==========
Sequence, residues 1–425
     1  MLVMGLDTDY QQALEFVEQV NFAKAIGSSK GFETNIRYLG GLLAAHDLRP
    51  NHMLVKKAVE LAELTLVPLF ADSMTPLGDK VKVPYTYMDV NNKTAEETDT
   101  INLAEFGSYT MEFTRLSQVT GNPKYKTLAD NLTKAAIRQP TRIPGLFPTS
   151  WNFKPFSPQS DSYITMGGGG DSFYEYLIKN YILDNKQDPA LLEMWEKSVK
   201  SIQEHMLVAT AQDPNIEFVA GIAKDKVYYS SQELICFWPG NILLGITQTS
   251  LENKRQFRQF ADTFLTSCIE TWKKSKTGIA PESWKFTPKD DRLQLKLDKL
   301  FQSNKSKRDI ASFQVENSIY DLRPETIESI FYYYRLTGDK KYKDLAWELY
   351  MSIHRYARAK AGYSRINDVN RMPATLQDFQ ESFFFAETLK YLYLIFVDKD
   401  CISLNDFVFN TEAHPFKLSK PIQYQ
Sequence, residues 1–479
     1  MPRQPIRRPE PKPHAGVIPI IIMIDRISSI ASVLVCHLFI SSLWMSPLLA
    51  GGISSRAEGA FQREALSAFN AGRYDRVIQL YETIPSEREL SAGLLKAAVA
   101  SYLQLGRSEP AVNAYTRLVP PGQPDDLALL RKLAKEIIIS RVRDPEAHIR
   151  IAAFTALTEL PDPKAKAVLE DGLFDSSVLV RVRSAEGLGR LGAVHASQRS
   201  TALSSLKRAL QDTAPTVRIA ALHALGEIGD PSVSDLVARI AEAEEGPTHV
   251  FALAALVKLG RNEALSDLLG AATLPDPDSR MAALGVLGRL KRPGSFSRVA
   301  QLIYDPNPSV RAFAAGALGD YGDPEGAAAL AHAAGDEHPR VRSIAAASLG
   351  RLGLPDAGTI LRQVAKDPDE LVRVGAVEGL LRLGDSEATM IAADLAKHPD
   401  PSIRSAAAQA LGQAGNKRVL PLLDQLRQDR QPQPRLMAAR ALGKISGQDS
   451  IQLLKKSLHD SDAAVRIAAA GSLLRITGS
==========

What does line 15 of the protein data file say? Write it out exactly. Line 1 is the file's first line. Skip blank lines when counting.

   151  IAAFTALTEL PDPKAKAVLE DGLFDSSVLV RVRSAEGLGR LGAVHASQRS